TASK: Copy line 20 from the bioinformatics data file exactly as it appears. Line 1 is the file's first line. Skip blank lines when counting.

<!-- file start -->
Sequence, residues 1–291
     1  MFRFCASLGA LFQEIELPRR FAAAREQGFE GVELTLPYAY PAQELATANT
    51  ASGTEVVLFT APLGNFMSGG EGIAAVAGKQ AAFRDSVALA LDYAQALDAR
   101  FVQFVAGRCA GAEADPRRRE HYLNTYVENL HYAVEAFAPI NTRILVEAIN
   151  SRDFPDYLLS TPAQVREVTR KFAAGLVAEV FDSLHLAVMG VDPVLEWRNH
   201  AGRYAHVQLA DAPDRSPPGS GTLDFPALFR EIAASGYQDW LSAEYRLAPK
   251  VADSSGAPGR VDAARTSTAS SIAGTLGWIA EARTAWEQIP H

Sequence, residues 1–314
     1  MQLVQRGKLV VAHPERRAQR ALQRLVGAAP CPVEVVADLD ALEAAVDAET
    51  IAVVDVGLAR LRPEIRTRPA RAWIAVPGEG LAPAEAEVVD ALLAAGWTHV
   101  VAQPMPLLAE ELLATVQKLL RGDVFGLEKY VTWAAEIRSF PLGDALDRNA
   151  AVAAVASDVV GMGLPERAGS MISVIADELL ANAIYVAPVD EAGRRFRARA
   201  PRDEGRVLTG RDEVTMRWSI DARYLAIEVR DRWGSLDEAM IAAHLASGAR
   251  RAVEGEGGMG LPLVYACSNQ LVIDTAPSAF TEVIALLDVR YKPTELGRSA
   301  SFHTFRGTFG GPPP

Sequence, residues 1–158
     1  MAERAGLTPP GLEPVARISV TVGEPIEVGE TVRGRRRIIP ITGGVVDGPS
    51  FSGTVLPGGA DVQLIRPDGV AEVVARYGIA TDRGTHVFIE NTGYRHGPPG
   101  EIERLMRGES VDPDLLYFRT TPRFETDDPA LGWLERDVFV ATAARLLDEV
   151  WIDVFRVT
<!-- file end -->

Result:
   151  WIDVFRVT